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Meghan and Harry’s Sussex Royal reviewed by Charity Commission

Lizzie Edmonds
·3-min read
<p>Sussex Royal, the former charity of the duke and duchess is being looked at by the Charity Commission </p> (AP)

Sussex Royal, the former charity of the duke and duchess is being looked at by the Charity Commission

(AP)

The Charity Commission is reviewing Sussex Royal - the former philanthropic organisation of the Duke and Duchess of Sussex.

The watchdog has been looking at the organisation, how it was run and whether it adhered to charity law for a number of months.

In what is known as a “regulatory and compliance case”, the charity commission is looking at the organisation and how it was closed down in July following the couple’s move to America.

The charity was founded when Prince Harry, 36, and Meghan Markle, 39, stepped away from The Royal Foundation - which is the charity they previously ran with the Duke and Duchess of Cambridge.

The Duke and Duchess of Sussex now have their Archewell organisation, named after their son Archie, who turns two in May.

A “regulatory compliance case” is not a investigation. But if the Charity Commission does find wrongdoing, then formal regulatory advice can be issued or an official warning.

A Charity Commission spokesman said: “Our regulatory compliance case is ongoing. We cannot comment further.”

The watchdog has looked in to the charities before. It said today there had not been an escalation of their involvment with the charity since their first dealings with it.

In July, anti-monarchy campaign group Republic asked the charity commission to investigate nearly £300,000 of grants, including £145,000 given to Sussex Royal. The charity commission looked into the complaint and whether an investigation was needed.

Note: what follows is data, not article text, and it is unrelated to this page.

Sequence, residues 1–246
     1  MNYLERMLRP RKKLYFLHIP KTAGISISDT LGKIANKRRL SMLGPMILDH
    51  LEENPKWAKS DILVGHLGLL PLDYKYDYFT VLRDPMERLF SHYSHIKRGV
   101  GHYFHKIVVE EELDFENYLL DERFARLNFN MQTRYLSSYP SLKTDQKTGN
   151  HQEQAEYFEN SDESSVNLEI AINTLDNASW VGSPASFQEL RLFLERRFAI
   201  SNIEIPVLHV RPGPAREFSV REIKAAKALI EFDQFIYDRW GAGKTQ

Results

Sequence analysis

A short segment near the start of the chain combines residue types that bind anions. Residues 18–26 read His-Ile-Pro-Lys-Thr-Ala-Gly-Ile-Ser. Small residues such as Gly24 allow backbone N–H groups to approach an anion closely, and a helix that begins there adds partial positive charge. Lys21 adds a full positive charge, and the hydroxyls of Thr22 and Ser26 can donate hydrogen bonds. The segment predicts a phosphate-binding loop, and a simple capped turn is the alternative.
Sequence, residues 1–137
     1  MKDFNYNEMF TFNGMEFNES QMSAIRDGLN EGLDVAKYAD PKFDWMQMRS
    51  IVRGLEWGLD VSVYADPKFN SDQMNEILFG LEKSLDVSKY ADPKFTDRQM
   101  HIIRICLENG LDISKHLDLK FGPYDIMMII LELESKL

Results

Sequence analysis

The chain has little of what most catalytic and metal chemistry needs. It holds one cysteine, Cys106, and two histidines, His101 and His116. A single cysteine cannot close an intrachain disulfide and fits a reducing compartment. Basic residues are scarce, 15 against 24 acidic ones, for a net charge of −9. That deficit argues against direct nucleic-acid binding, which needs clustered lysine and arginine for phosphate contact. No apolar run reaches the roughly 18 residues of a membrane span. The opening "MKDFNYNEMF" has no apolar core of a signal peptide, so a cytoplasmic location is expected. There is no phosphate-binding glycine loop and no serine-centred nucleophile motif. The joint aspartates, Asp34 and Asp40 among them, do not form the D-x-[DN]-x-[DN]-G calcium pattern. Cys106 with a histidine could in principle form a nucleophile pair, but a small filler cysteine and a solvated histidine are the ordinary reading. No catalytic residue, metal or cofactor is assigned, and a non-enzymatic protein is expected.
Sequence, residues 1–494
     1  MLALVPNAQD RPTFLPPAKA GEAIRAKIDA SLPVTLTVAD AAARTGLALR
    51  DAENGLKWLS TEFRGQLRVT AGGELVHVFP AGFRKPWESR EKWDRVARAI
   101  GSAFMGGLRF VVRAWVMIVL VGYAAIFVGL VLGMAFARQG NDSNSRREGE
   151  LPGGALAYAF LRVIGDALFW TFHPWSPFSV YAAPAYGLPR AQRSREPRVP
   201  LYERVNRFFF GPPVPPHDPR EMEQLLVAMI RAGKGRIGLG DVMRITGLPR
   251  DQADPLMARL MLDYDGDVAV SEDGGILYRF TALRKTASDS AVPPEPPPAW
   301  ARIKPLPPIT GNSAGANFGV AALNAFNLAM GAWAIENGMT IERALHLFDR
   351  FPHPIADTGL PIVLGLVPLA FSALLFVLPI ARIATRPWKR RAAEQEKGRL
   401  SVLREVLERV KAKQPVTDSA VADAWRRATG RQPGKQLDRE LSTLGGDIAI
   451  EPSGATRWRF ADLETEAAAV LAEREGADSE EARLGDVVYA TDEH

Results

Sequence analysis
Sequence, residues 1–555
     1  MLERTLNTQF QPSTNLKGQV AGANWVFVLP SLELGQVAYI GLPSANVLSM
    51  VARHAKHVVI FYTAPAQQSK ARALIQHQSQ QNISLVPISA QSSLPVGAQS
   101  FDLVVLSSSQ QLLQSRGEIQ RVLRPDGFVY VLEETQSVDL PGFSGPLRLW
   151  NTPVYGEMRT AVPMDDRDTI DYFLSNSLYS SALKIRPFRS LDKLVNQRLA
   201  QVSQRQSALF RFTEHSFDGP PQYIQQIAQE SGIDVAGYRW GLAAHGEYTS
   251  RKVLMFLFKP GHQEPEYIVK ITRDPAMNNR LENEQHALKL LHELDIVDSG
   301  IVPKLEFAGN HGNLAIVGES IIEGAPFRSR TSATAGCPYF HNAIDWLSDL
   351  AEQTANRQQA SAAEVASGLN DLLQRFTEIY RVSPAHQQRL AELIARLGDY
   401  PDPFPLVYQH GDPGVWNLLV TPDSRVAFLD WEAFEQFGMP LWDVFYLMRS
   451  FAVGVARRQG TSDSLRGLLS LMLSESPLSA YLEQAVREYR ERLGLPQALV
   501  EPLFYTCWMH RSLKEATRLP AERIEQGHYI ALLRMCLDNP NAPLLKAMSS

The Telegraph reports the watchdog examined whether it was appropriate for the Royal Foundation to have transferred the money to Sussex Royal - and found it was indeed appropriate.

The newspaper suggests there was some frustration among trustees that the Royal Foundation transferred the money, only for Sussex Royal to be dissolved shortly afterwards.

A source said: “They might have thought about that before setting it up, but using charitable money to set up a foundation is completely legitimate and it happens all the time. The issue was setting it up and closing it down months later.”

It is unclear if the Royal Foundation is also being reviewed by the Commission this time.

Lawyers for the Sussexes told the Telegraph: “Sussex Royal was managed by a board of trustees which made decisions about the charity in accordance with its constitutional document and the requirements of charity law.

“Therefore, any suggestion of mismanagement or decision making being handled in a ‘rash’ fashion solely by the Duke and Duchess of Sussex would be entirely false.”

It comes after Meghan said it was “liberating” to be able to “speak for herself” in a new trailer of her and Prince Harry’s tell-all interview with Oprah Winfrey.

In a third preview clip aired on CBS, Winfrey and Meghan speak about how the broadcaster approached the duchess for an interview ahead of her May 2018 wedding to Harry - and how she turned the host down because it “wasn’t her choice to make”.

Meghan said it was “liberating” to now enjoy the “right and the privilege” to “say yes” to Winfrey because she and Harry now have “the ability to make our own choices”. She also tells how she struggled transitioning from an independent life to one within the “construct” of the Royal Family.

The interview is due to be broadcast on Sunday night in the States. ITV will show the interview on Monday at 9pm.

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